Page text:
Before the half-past nine o'clock breakfast, next morning, I walked a couple of miles, across hedge-bound fields, Old Hallto the original old Baronial home or Mr. E. N. C.'s mother's folks, and here I saw a stone house, built in 1550, now owned by Mr. C and occupied by one of his tenants. Most quaint indeed it was, with its stone walls, a stone columns four porch supports, and oak floor, stairs, and wainscotting. In an oak cupboard in the kitchen, before the open fireplace, where the old iron spit still turns the roast, I saw some metal panels, in the cupboards, with the date 1643 perforated in them. Just think of this old land, and does it ever change! For 251 years not a change in this old Baronial house, of small windows, and low ceiling, and stone and oak floors, and yet even today, will outlast many modern houses now building.

About these 6000 acres Mr. E. N. C. said he rents for $4 to $7 per acre per year, and that they would sell for about $200 per acre, bad as the times are now in England. So you see "the sinews of war" are here for this elegant sumptuous county home in old England, and I am sure we all glory in the fact that a Conant is a person of so great consequence from the brands of family, who did not emigrate to America in 1623, as our forefather Roger did in that year.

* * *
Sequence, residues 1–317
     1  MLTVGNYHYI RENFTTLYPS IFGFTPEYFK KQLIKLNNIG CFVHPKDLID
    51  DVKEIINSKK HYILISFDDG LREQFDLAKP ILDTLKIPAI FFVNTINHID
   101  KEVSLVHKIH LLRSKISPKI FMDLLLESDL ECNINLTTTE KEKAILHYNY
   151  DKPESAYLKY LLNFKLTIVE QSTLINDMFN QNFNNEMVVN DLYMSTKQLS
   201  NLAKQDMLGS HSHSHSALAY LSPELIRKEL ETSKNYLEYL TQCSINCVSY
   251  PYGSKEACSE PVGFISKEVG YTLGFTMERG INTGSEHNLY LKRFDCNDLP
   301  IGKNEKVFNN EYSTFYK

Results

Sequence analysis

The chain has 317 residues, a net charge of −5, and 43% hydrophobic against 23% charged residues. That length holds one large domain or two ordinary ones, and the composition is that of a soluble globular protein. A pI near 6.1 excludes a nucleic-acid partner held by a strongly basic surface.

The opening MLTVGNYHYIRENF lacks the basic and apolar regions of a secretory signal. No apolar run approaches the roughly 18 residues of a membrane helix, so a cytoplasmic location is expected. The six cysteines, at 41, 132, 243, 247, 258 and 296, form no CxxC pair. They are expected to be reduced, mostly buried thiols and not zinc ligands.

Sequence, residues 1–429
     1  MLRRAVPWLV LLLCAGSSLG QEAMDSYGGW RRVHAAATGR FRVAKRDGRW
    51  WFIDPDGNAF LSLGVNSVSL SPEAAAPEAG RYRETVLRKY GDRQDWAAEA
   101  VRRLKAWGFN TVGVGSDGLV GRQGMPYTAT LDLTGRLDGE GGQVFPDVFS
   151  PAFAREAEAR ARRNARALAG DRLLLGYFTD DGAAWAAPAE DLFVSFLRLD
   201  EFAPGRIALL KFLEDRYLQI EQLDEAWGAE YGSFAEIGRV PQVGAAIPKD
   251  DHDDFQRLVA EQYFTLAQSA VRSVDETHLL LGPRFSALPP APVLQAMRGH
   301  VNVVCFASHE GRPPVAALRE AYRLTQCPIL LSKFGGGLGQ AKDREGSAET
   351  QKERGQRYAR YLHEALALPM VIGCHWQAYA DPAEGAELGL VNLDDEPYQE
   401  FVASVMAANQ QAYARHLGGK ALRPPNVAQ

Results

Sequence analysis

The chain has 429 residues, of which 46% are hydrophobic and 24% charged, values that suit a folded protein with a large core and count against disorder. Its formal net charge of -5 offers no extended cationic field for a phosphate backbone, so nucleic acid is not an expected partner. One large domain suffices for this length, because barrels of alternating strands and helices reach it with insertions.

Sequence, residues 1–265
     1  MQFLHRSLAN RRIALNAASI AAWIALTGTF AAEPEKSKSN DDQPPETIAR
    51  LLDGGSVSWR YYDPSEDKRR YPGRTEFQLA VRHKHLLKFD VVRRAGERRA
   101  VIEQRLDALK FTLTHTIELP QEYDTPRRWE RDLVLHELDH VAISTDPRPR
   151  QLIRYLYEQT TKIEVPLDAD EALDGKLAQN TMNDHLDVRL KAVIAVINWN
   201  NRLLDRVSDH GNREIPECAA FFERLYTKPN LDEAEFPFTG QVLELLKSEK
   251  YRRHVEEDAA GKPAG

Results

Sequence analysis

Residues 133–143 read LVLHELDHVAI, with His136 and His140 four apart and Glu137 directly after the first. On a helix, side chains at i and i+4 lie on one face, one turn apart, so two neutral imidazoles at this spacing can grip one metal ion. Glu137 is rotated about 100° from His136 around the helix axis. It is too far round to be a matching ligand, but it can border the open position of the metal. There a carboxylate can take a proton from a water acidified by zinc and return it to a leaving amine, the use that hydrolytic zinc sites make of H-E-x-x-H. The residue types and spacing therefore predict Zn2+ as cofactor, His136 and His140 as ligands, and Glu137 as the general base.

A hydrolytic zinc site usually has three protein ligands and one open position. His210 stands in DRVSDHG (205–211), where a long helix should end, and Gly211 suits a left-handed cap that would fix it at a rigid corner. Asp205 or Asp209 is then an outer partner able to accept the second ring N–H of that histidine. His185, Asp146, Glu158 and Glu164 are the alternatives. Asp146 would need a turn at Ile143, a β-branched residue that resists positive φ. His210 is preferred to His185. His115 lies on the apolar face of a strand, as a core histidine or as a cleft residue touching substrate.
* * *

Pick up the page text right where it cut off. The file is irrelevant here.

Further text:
Mr. E. N. C. is not very tall, has a long bushy beard, just a little sandy, and rather a prominent nose. He read law and practiced for 2 years in London, but remarked "that he did not do much law practice, for he was too well off to stick to it." Was Sheriff of the County of Rutland one year, and got his appointment from the government. Has been in the County Council for many years, and now, since the new County Councils Act of the British Parliament, is a member of that largely increased body, but is appointed by those chosen by popular vote. Dislikes universal sufferage, and would not put himself in such a way that his tenants would have the privilege of voting against him, and yet I hear outside, that he always has been a most exceptionally good landlord, very mild and all universally speak well of him and respect him. On my asking if Mr. F. O. Conant's contention, that the Conants do not seek high office or prominent positions, is right, he answers, "that as far as he knows, Mr F. O. C. is right. In his own case he never ran for parliament nor any other office, but has been resident magistrate ever since he has been a man, but by far prefers his own beautiful, even if secluded home, and his library of a couple of thousand volumes, and his horses and carriages, to the sweets of office of any kind. The writer hereof, by way of confirmation, thinks to he might today have been a member of the Canadian House of Commons had he desired it, and made the effort, but he, like Mr. E. N. C., does not care fore office of any kind. So on the whole, fellow Conants, don't you think Mr. E. O. C., as well as Mr. E. N. C.'s contention, on that score, are correct! "Thinks all the Conants, know matter where they are, will naturally be Conservatives; hates universal sufferage; upholds the House of Lords for thwarting Gladstone; thinks Gladstone would do anything for votes, but would not hurt England if he could help it, and turns to me interrogatively, and hopes I am not in favour of Home Rule for Ireland." Since I am a guest for the first time I cannot afford to argue the point, and I laugh and answer, "that I was born in America."